Trying to categorize Richmond, VA’s Inter Arma into a neat and tidy genre for the purposes of giving the band a home would do the music of Sky Burial, the band’s second full-length, a total disservice. It would also prove to be nigh on impossible, as this quintet incorporates a multitude of musical influences which touch upon various sonic signifiers, including — but not limited to — doom, sludge, black metal, psychedelia, progressive metal and Americana, to create, what is ultimately, an expansive metal record.
Sky Burial isn’t welcoming by any stretch of the imagination, as its cross-colonization of genres would suggest. It doesn’t speak upon first listen, and in order to admire the scope of Sky Burial, attentiveness is crucial to the listeners understanding. Beginning with a 10-minute passage titled “The Survival Fires”, Inter Arma separate those who enjoy metal for its immediacy from those who are willing to sacrifice their time for a slow-burning, but no less satisfying, reward.
Sonically, “The Survival Fires” hauls slabs of sludge across the razor-sharp black metal, and does so without jarring the two dominate genres together. With members bred from the same stable as USBM proponents Bastard Sapling, who released the excellent Dragged From Our Restless Trance last year, it comes as no surprise that black metal is a used as a weapon, particularly the elusive screech of vocalist Mike Paparo. Paparo’s vocals echo beneath vast chasms of pitch black doom, and the timeliness and variation of his interjections adds significant weight to the likes of “Destroyer”. It’s a slow building song that, along with the martial tempest “’sblood”, really pounds you into submission.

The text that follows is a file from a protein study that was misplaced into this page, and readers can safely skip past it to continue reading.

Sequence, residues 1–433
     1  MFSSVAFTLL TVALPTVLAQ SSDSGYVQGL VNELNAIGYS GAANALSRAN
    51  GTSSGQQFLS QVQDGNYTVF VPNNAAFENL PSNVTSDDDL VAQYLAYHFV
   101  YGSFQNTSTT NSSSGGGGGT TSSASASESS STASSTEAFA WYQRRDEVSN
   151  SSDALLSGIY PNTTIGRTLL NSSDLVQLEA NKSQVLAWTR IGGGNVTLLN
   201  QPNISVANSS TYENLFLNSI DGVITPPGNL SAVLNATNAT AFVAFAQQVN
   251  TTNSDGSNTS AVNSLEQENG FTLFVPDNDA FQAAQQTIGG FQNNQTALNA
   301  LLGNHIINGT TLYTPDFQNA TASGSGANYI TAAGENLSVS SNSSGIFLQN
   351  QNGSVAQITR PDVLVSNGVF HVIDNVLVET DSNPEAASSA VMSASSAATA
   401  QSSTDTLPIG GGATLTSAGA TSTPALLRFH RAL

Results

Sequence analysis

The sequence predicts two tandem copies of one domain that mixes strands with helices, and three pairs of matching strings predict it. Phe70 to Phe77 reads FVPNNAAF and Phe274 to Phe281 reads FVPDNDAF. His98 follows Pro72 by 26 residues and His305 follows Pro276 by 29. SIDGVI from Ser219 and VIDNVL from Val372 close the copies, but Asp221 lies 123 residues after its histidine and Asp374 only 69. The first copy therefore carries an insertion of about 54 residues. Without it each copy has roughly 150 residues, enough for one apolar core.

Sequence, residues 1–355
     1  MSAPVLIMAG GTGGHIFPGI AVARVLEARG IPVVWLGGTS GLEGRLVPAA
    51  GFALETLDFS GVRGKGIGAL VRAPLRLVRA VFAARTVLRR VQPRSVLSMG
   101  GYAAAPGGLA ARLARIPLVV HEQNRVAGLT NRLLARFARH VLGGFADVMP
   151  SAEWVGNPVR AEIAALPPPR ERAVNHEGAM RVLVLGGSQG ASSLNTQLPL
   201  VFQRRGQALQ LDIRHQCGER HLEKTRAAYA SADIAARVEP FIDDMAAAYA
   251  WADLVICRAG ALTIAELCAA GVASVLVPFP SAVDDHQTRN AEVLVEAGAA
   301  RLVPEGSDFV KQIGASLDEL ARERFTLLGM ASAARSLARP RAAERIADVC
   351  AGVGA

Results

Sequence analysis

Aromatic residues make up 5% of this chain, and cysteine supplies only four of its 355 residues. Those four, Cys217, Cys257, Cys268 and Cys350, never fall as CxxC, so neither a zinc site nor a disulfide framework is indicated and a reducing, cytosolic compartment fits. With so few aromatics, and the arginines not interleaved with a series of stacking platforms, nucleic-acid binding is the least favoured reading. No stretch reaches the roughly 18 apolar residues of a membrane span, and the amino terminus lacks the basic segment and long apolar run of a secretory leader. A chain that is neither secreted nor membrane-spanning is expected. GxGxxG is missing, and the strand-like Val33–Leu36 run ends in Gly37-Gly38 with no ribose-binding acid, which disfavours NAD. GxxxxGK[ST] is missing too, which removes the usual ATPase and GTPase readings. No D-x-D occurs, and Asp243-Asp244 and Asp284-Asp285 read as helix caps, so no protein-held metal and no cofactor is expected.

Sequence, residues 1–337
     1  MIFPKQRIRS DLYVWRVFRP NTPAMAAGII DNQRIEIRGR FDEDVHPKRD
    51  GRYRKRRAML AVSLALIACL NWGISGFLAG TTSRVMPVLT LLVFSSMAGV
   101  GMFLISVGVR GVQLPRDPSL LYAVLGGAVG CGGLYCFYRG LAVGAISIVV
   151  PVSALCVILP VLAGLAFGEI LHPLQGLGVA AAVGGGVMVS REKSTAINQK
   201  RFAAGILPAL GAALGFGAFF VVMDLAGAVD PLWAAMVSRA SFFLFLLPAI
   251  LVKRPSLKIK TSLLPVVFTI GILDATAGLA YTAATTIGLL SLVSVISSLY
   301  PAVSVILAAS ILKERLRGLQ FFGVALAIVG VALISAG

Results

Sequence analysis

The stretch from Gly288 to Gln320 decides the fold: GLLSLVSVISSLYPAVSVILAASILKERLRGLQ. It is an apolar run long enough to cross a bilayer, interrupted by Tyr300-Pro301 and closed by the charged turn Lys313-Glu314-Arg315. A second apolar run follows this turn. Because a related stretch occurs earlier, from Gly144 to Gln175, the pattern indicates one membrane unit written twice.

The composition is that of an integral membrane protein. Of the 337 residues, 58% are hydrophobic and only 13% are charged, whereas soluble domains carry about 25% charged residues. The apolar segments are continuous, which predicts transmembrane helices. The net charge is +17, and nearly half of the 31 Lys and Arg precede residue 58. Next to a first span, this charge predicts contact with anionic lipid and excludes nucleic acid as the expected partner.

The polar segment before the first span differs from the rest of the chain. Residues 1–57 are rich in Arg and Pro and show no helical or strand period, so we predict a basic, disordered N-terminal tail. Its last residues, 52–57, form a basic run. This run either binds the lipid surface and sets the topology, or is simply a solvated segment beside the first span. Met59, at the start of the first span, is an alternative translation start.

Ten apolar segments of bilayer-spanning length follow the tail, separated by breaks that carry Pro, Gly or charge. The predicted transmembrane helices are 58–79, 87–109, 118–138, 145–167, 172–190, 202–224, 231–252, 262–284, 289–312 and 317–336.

There’s also an interesting contrast at play here between the austere atmosphere created by these suffocating songs when compared to the acoustic warmth of Americana that saddles up on “The Long Road Home (Iron Gate)” and “Love Absolute”, wherein the use of a wailing theremin appends real authenticity to the latter. The inclusion of these two tracks in the overall dynamic sequencing of Sky Burial increases the cinematic value of this record. And the importance of these songs in setting up their respective companion pieces, “The Long Road Home” and “Sky Burial”, must not be undervalued.
“The Long Road Home”, which appears earlier in the record, is a dazzling display of instrumental ebb and flow. The drums and organ together with the twang of the guitars introduce a somnambulant pace at the beginning, which flows nicely from the meditative mood set by “The Long Road Home (Iron Gate)”. The drums then turn orchestral, enhancing the crashing crescendos and the staggering guitar solo worthy of David Gilmour or Gary Moore, before black metal reigns down across the prairie nearing the song’s end.
“Sky Burial”, which finishes the LP, happens to be just as engaging as its earlier counterpart: an encapsulation of each of the ideas explored during the songs that preceded it, with the inclusion of progressive metal flashes that recall the classiness of latter day Mastodon.
Both “The Long Road Home” and “Sky Burial” stand as two conspicuous highlights on this record, as well as being two of the lengthier more varied compositions. But, as mentioned previously, the positioning of the other songs are just as essential to the depth of Sky Burial. Each song moves into the next to establish a sense of completeness: a totality.
If ever a record matched the meaning of the title bestowed upon it, this is it. Sky Burial leaves your earthly remains flayed for the carrion to feast and frees your soul.